within the established framework of international law (followed by the exhaustive list of
              acts (Article 8.2.e.))1

Based on the Rome Stature the Government of Georgia has a legal obligation to investigate not
only those crimes that have been committed by the Armed Force of the Russian Federation or by

    For the exhaustive list of war crimes please refer to the Article 8 of the Statute of the International Criminal Court
the South Ossetian paramilitary groups that were acting under the Russian control, but also to
investigate allegations of the possible occurrence of war crimes by its own armed forces.

The Human Rights Watch released the comprehensive report in January 2009 which, inter alia,
deals with the violations of the laws of wars by the parties to the conflict. The report contains
violation on the account of the Georgian Government. In particular it states: “Human Rights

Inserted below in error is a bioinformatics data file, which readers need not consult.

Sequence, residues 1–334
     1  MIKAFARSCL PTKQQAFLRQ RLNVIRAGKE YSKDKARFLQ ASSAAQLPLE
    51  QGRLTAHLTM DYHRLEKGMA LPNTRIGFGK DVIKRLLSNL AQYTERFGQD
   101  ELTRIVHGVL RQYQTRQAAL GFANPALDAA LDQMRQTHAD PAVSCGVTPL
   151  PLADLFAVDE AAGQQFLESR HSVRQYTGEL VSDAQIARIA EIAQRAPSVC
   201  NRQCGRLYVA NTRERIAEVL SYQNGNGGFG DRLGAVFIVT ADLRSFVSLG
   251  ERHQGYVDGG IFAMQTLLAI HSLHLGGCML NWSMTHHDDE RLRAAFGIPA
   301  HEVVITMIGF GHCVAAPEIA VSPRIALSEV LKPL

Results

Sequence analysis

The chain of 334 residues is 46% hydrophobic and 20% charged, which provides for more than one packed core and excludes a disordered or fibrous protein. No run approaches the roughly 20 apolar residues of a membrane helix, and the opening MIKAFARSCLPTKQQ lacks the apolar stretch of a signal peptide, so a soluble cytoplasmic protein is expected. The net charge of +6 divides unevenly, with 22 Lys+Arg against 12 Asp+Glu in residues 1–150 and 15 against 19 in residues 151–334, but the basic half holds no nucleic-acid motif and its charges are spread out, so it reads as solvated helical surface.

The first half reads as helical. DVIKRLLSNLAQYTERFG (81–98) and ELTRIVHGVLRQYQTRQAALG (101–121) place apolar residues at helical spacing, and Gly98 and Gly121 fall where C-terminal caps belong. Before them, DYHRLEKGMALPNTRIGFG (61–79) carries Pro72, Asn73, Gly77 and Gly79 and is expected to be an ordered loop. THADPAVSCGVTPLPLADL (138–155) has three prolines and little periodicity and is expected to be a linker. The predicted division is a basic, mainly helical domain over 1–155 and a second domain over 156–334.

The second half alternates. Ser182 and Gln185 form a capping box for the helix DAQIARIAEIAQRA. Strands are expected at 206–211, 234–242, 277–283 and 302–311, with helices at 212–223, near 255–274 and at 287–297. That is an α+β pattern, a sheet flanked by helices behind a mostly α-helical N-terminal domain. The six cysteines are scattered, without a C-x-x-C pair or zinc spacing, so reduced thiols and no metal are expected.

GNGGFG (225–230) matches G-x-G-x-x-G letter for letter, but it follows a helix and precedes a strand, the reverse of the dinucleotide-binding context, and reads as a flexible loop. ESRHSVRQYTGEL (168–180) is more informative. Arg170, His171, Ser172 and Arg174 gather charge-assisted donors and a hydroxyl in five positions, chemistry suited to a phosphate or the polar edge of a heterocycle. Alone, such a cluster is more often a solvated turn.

Watch’s investigation concluded that Georgian forces committed violations of the laws of war
during their assault on South Ossetia. Research shows that during the shelling of Tskhinvali and
neighboring villages and the ground offensive that followed, Georgian forces frequently failed to
abide by the obligation to distinguish between military targets that can be legitimately attacked,
and civilians, who may not be targeted for attack. This was compounded by Georgia’s failure to
take all feasible measures to avoid or minimize civilian casualties. While HRW found no
evidence that Georgian forces sought to deliberately target civilians, Human Rights Watch